While large pharmaceutical companies are retaining the traditional equipment, since they’ve already made the investment, other companies have shifted away from stainless steel process systems due to the up-front costs and cleaning requirements between batches, which causes lag time.

Foxx Life Sciences manufactures and sells disposable carboys, flasks, bottles and all of the connections that create a “giant IV set,” said Taylor. “We provide disposable products for laboratory biotech, biopharma and medical. We’re now heavily into single-use.”

Taylor said his company has seen four straight years of more than 40 percent growth, selling mainly to research universities and pharmaceutical and biotech firms in the Boston-Cambridge area, but also to companies in India and China.

UniClean, a national cleanroom services company that launched from its Nashua location, has seen its biotech and pharmaceutical customer base grow as the U.S. Food and Drug Administration becomes more stringent, setting auditing requirements for compounding facilities.

“Pharmaceutical compounding used to not be governed by the FDA,” said Anna Sandler, division contracts and purchasing manager for UniClean. “That’s changing in the industry. A lot of compounding pharmaceuticals are now affected by the FDA.” 

An ad for Seabrook-based Superior Controls flashes across the jumbotron at Gillette Stadium during ISPE’s Boston Product Show on Oct. 4.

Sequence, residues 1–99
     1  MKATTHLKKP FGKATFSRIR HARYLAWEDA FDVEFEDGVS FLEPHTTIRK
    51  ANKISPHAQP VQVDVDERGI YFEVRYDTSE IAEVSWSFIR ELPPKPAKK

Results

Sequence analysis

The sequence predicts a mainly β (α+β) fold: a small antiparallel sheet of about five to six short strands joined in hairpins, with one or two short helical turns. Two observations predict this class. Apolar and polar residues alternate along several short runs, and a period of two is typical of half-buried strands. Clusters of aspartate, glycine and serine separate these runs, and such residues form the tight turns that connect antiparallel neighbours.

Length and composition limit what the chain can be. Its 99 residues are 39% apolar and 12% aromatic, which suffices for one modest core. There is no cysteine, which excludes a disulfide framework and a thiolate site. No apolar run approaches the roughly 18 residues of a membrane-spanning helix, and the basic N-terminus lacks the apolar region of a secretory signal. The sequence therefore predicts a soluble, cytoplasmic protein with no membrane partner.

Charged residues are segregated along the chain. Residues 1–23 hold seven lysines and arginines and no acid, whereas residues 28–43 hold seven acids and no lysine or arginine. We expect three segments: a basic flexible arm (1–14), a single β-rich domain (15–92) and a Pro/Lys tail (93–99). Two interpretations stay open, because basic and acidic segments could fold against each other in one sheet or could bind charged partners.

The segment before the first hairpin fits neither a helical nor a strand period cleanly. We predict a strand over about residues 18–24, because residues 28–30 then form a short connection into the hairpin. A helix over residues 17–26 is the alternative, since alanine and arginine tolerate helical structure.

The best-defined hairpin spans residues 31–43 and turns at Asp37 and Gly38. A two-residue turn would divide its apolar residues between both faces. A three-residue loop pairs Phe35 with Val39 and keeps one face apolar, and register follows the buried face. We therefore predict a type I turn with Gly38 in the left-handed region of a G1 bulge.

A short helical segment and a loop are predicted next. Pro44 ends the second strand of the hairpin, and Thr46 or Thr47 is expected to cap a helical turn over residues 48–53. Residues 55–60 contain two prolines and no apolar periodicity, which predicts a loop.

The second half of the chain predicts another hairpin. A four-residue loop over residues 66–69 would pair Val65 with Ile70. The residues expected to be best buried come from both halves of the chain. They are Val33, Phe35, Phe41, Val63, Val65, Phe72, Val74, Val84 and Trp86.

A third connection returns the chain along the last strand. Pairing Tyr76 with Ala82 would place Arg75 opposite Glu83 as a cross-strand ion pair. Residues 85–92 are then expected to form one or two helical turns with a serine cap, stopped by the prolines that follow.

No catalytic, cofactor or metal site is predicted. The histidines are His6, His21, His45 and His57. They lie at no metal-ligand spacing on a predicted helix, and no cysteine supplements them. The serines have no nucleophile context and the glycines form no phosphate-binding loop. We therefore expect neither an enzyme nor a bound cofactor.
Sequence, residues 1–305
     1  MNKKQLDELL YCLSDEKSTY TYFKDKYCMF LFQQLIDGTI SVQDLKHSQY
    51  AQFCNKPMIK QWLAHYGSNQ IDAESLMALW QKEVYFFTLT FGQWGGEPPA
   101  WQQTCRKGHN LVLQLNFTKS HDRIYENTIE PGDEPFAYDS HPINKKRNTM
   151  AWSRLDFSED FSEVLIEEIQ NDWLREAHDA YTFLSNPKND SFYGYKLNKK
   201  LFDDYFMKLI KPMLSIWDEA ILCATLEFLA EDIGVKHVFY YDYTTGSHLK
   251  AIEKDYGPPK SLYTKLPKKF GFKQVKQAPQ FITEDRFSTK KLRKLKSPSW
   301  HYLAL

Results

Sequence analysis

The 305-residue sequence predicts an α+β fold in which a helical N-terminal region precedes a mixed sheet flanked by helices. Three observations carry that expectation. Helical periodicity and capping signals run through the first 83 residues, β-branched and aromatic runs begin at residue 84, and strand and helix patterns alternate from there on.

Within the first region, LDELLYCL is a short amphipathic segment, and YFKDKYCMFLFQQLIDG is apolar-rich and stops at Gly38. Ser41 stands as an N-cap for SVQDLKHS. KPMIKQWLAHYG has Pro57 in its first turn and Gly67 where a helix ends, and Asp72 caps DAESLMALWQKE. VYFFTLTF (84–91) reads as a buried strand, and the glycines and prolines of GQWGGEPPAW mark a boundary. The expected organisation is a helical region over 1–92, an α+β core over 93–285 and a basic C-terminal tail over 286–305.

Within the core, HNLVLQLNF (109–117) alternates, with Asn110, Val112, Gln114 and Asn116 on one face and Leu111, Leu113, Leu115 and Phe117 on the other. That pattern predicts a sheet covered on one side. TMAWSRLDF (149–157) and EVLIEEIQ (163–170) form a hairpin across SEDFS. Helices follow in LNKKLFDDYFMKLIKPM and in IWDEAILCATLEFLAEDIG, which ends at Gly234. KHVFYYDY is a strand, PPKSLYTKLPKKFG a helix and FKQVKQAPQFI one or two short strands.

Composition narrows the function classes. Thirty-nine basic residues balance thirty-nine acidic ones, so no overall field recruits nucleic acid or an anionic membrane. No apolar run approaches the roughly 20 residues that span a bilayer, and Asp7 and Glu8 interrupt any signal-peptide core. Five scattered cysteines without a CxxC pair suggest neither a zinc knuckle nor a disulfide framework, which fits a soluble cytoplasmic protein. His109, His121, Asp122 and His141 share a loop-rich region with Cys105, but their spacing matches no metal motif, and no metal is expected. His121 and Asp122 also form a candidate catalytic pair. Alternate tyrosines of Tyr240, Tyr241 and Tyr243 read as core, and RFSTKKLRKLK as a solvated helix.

That affects retail pharmacies and their suppliers, which must adhere to cleanroom requirements versus industrial, said Sandler.

“The other industry that is starting to be audited but not necessarily by the FDA is nutraceuticals, and that’s vitamins,” said Sandler, who pointed to whey protein shakes and other supplements not governed under the FDA, but affected by voluntary monitoring agencies like the U.S. Pharmacopeia, which provides its own USP verified mark for applicable products and is pushing those makers toward a cleanroom environment.

“Those customers have then switched from wearing what would just be a normal lab coat, acceptable to walk around in this environment, to them wearing a cleanroom-type frock, which is specific to being in some ISO classification environment,” said Sandler, who said the cleanroom frock is made from an all-poly blend.

One example of a company whose own customer base directed them toward cleanroom services is Somersworth-based contract manufacturer J-Pac Medical, which specializes in the manipulation of rolls and sheets of medical-grade polymers used in permanent medical implants and has expanded its work regarding absorbable implants used in sports medicine.

“There’s a good example of a prospect for us,” said UniClean Regional Sales Manager Kevin Pillman, who said he has met with J-Pac. “They had their garments industrial-laundered with another supplier, but now it came to be their customers are pushing them into a cleanroom environment, so they have to get away from that industrial mindset and processing to our services.”